We’ve come to the end of the school year.
The past few weeks have been filled with graduation celebrations everywhere I turn, and I am ready to get in the mix. I start the week addressing a group of graduating seniors at their commencement. Then my own daughter graduates on Friday. I am so excited for her.
But I am also excited to go and celebrate one of her former classmates, a young African American man who I first met when he was in kindergarten. They were classmates all the way through the eight-grade.
I got to know him pretty well when he was in about the second grade and was struggling as a reader. His teachers were talking about placing him in special education. Well, we know how that story goes. Young black boy goes into special education because of early reading difficulties and never comes out.
That’s when he and I started working together. I worked full-time as a curriculum designer, but would put on my reading tutor cape whenever I got a call from a concerned parent.
I became his tutor. We had fun. He caught on quick. There are children who need the structure and services special education teachers can provide. He was not one of them. He just needed some extra support. Now here he is graduating and heading off to study aeronautics in college.
I was so happy to hear that when I re-connected with into his mother recently.
I had to pause. Here we are at the end of his school career, standing in the vision that I held for him. That his two parents held for him. That his church family held for him. I rested in the moment. We’d reached the point we imagined when we came together so many years ago to offer him help to become a strong reader.
As educators, we talk about holding a vision for students’ academic success. Steve Covey, author of 7 Habits of Highly Successful People calls this “Begin with the end in mind. “
My twist on Covey’s principle is “End with the end is mind.” When we get to the end, we often simply celebrate and move on. I think we have go beyond just having a vision at the beginning of the journey. We need to end the school year with more robust reflection to see if we ended up where we set out to go. And if we didn’t, determine what went astray.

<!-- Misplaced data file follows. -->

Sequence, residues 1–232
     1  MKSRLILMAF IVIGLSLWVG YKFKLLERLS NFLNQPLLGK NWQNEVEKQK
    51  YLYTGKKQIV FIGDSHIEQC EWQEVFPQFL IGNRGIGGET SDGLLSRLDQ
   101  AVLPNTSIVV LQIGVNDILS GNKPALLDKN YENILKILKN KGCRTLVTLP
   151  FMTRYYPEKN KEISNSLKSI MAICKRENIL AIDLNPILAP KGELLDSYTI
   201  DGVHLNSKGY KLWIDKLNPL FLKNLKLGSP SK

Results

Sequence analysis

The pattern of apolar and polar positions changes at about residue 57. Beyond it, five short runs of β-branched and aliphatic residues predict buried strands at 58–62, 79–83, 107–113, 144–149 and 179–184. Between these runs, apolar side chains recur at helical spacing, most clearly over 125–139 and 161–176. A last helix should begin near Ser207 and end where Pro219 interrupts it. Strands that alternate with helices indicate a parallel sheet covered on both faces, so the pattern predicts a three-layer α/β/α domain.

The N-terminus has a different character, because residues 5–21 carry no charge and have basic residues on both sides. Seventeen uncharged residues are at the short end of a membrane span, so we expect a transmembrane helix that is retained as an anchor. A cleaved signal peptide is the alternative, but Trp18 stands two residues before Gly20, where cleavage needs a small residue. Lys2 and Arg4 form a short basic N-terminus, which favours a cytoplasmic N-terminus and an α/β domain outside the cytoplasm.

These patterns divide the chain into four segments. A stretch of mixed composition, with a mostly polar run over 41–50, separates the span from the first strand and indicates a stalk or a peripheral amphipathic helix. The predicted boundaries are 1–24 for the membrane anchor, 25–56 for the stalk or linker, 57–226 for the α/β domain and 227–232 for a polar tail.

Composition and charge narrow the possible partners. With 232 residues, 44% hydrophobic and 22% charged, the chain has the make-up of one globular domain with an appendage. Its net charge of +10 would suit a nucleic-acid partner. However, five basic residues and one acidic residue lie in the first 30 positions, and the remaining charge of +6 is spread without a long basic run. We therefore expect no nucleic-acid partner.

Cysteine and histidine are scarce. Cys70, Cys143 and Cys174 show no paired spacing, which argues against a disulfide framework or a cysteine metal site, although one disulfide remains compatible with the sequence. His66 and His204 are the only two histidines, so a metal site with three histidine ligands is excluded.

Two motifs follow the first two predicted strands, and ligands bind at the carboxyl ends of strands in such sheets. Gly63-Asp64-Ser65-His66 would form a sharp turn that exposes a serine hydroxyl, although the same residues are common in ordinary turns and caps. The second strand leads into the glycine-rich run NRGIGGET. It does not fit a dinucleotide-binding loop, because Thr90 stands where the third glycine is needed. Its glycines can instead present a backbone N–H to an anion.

We have to create an academic trajectory for culturally and linguistically diverse students that lands them college-ready by the end of 11th grade – reading critically and writing analytically.
The question is: what are the protective factors we need to put in place that move African American, Latino, Southeast Asian, and Pacific Islander students toward academic success?
Protective factors are conditions or attributes (skills, strengths, resources, supports or coping strategies) in individuals, families, communities or the larger society that help people deal more effectively with stressful events and mitigate or eliminate risk in families and communities.
When we “end with the end in mind”, we can figure out what those factors are and how to keep them in place over the long haul despite teacher turn-over or district shifts and shake ups.
Let’s enjoy our end of the year celebrations. Have an extra slice of that sheet cake. Then it’s time to roll up our sleeves and do a post-mortem on the school year.
- Did our students end up where we imagined or planned they would?
- Were our lessons responsive enough?
- How did we help students become stronger independent learners?
- Did our policies and practices interrupt the predictability of who succeeded and who didn’t?
Make an reflection and review part of your summer learning agenda. (But only a part. Got to have some R & R in there too. That’s Covey’s last principle — “sharpen the saw”)
How are you celebrating the end of the school year? What did you learn about your teaching and students’ learning?